Posted by vasudev on July 15 2009, 11:23 PM.
Posted in Research.
Lecture series by celebrated physics professor Richard Feynman is now available to all.
Microsoft Research, in collaboration with
Microsoft Corp. Chairman Bill Gates, today launched a Web site that
makes an acclaimed lecture series by the iconic physicist Richard
Feynman freely available to the general public for the first time. The
lectures, which Feynman originally delivered at Cornell University in
1964, have been hugely influential for many people, including Gates.
Gates privately purchased the rights to the seven lectures in the
series, called “The Character of Physical Law,” to make them widely
available to the public for free with the hope that they will help get
kids excited about physics and science.
The historic lectures and related content can be seen at http://research.microsoft.com/tuva.
The name “Tuva” was chosen because of Feynman’s lifelong fascination
with the small Russian republic of Tuva, located in the heart of Asia.
was one of the most popular scientists of the 20th century, equally
regarded for his scientific insights as well as his ability to convey
his enthusiasm for science through his lectures and writings. He shared
the Nobel Prize in Physics in 1965 and was also known for his quirky
sense of humor and eccentric and wide-ranging interests..................Continue At Source
The world will change on January 20th when Barack Obama, the President-elect takes the oath of office and becomes the 44th President of the United States.<o:p></o:p>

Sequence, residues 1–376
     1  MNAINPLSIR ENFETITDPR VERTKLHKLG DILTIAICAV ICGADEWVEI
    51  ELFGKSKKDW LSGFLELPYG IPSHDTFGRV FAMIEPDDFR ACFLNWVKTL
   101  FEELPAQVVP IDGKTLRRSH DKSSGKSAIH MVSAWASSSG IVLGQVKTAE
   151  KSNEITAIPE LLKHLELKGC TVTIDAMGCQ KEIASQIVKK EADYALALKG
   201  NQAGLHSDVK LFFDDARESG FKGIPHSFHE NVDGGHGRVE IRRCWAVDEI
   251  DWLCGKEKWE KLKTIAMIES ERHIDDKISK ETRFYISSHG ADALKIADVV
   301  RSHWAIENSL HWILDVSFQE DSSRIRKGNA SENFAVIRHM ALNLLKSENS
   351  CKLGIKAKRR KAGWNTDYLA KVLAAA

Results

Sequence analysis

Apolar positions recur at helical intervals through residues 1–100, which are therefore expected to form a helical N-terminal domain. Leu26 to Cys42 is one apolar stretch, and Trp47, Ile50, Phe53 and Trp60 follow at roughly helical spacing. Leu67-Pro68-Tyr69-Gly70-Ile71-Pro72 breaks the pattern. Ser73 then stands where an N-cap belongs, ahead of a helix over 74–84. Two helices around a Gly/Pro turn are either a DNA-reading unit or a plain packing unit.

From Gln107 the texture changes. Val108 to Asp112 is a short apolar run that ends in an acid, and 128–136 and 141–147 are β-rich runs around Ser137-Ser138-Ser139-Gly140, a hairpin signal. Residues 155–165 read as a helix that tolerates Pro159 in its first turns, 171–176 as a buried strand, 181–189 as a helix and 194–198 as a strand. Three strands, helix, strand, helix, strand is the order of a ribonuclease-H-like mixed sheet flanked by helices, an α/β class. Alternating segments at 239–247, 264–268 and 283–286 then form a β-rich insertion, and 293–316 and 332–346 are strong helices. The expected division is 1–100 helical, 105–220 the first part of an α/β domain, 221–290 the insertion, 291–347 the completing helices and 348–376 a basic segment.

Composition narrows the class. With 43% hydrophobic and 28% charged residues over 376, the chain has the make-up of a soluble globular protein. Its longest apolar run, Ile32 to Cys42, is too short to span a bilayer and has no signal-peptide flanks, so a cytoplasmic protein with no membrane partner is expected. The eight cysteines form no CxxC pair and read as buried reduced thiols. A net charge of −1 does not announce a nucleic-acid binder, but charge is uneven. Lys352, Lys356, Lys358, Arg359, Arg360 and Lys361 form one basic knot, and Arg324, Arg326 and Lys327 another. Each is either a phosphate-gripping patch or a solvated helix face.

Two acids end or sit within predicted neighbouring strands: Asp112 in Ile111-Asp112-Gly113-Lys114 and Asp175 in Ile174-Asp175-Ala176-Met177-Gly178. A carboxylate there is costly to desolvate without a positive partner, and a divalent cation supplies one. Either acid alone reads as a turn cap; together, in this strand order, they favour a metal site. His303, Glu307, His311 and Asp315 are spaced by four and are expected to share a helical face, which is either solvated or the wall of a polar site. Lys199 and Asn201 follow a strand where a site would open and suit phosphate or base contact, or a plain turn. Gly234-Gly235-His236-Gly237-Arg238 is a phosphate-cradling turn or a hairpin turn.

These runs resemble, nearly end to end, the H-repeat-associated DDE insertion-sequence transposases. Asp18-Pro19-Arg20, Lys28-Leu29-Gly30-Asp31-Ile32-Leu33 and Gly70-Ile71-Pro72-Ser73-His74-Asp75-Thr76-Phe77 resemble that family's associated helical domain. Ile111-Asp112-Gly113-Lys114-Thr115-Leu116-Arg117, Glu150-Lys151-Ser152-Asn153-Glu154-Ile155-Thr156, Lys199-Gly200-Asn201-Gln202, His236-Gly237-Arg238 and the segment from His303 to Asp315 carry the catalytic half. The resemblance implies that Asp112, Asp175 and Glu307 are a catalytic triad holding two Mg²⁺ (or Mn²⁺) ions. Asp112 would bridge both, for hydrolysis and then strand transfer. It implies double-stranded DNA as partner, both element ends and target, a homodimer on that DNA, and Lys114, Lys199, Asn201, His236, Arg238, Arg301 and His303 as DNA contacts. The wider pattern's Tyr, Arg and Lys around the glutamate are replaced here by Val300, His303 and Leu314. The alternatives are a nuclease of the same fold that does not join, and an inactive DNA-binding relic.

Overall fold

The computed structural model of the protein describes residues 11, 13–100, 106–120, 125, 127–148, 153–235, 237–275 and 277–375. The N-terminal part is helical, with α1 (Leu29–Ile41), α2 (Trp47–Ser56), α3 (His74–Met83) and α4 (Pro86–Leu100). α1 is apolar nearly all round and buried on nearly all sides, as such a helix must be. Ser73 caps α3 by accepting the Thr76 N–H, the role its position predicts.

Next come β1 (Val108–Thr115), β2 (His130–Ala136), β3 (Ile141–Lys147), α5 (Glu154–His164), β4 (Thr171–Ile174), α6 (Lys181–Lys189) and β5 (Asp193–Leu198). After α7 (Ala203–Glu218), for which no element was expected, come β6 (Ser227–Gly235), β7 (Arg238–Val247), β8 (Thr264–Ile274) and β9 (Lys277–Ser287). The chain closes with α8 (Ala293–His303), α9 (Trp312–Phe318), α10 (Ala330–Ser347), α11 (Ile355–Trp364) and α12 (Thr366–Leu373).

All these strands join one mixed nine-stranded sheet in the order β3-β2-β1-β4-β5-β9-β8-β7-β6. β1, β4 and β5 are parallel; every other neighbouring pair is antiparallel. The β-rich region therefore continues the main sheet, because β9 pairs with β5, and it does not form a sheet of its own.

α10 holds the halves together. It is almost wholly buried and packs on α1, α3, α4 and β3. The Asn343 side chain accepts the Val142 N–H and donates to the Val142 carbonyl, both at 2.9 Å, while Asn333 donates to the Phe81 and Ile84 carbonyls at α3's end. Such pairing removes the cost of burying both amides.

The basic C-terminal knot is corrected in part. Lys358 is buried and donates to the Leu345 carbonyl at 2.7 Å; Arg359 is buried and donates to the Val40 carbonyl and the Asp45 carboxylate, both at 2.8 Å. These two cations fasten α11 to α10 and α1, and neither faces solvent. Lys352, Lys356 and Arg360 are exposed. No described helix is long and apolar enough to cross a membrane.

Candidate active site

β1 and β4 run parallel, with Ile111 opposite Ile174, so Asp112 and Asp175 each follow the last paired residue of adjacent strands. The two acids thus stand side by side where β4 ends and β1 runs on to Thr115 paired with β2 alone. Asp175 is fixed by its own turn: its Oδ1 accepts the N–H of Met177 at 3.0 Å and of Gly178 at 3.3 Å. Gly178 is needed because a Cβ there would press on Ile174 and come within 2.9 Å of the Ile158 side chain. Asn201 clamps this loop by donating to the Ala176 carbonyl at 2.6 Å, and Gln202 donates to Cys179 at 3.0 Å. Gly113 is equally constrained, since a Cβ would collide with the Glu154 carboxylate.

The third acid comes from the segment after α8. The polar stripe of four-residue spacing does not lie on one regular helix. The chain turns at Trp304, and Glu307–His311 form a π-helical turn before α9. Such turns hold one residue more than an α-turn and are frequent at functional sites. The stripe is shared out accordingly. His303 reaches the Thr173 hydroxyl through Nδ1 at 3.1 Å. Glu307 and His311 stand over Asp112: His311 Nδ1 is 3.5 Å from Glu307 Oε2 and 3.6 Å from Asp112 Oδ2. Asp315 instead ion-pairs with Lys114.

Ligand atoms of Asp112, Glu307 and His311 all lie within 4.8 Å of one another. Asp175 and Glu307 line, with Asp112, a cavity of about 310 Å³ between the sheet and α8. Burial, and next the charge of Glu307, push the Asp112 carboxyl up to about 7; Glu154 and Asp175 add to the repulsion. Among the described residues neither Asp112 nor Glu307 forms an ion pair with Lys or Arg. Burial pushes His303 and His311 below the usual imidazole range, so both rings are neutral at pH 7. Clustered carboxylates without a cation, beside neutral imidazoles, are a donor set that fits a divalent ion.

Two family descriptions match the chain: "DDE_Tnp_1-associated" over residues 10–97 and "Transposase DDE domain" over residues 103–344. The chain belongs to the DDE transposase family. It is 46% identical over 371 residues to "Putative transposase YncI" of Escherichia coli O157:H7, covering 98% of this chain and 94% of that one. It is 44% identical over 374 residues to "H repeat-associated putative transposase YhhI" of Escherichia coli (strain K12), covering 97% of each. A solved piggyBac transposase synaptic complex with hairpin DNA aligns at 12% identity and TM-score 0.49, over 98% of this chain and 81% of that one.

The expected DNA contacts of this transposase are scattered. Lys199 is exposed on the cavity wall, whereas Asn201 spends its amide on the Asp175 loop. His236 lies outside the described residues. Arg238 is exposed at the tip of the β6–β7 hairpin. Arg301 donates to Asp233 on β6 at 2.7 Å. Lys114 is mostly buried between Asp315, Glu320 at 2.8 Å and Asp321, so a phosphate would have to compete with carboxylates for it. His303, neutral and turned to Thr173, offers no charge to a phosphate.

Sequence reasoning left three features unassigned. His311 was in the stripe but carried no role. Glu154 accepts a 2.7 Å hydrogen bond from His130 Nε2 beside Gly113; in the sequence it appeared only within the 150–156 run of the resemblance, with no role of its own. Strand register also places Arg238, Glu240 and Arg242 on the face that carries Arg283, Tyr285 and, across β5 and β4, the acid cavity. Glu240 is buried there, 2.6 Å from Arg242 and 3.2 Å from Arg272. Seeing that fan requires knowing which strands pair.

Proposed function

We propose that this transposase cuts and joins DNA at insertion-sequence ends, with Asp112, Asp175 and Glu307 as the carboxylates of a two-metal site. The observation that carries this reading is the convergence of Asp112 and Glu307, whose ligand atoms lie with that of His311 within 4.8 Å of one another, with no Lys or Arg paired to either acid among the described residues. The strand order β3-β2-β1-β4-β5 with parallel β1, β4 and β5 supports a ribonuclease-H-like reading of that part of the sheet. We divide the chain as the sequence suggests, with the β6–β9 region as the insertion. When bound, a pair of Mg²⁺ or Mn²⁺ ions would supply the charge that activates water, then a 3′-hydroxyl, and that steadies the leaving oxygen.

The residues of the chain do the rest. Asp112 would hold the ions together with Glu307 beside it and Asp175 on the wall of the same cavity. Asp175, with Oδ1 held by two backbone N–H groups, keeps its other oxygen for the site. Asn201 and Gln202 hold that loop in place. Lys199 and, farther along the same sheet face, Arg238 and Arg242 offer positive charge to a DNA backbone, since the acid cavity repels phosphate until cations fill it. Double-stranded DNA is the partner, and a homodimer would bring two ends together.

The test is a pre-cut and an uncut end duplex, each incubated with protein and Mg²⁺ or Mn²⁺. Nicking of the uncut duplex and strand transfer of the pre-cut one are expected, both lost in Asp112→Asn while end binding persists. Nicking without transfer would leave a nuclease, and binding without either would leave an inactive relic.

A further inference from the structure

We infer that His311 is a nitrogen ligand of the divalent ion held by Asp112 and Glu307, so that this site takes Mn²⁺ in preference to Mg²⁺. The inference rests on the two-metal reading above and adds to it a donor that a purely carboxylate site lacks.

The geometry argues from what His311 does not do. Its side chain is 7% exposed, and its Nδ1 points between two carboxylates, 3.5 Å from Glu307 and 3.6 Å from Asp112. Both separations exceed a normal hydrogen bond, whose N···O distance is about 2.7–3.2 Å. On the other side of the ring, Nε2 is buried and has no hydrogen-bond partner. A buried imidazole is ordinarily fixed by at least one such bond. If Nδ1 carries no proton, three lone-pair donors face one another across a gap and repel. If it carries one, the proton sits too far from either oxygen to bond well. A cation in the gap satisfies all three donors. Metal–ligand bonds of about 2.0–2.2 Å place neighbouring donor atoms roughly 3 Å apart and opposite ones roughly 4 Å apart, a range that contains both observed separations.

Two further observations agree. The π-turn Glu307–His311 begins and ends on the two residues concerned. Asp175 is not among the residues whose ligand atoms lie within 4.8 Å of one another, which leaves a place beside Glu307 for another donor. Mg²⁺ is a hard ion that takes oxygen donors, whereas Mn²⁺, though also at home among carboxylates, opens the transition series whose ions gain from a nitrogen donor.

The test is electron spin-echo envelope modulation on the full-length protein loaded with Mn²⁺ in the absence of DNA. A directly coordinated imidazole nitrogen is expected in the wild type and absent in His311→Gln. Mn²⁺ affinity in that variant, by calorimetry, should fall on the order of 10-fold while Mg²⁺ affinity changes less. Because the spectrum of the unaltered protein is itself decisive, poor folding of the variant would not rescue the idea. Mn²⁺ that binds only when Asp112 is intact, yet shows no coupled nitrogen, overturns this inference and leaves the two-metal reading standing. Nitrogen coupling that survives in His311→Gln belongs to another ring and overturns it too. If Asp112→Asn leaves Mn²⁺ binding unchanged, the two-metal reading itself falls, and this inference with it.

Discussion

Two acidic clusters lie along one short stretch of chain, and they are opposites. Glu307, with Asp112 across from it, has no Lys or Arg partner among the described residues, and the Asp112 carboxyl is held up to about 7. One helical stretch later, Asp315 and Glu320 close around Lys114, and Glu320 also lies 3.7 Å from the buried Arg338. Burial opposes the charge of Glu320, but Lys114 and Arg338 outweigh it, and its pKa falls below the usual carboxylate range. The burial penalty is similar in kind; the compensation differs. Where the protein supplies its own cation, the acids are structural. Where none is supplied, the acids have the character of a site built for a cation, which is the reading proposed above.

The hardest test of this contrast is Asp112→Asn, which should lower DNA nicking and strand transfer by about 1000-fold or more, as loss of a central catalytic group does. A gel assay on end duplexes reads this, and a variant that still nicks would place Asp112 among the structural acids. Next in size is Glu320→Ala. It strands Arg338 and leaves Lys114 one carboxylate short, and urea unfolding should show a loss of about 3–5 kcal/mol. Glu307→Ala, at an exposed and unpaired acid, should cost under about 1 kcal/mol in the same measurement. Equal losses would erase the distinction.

do solemnly swear that I will faithfully execute the office of the
President of the United States, and will to the best of my ability,
preserve, protect, and defend the Constitution of the United States."<o:p></o:p>
you are going to be among the millions attending, you can be part of
history by helping create the most immersive and detailed experience of
a single moment ever created.<o:p></o:p>
<o:p> </o:p>Capturing the Moment of Transition<o:p></o:p>
partnering with CNN to gather thousands of your photographs to create
an immersive experience of the moment when President Obama takes the
Oath of Office. From the vast sweep of the crowd to a close-up on the
President’s hand on the Bible, every part of this historic scene will
be frozen in time and presented in 3-D as only Photosynth can.<o:p></o:p>
placed CNN photographers will capture lots of detailed shots for this
synth, and if you’re there you can help make this an even more amazing
experience by adding your perspective with your digital camera or
take your photos from every angle, combine them with CNN’s professional
shots, and produce what we hope will be an amazing experience that will
be shown live on CNN. And you thought the Jessica Yellin hologram was
cool! The synth will also be available for everyone to see on CNN.com. <o:p></o:p>
<o:p> </o:p>How to Participate<o:p></o:p>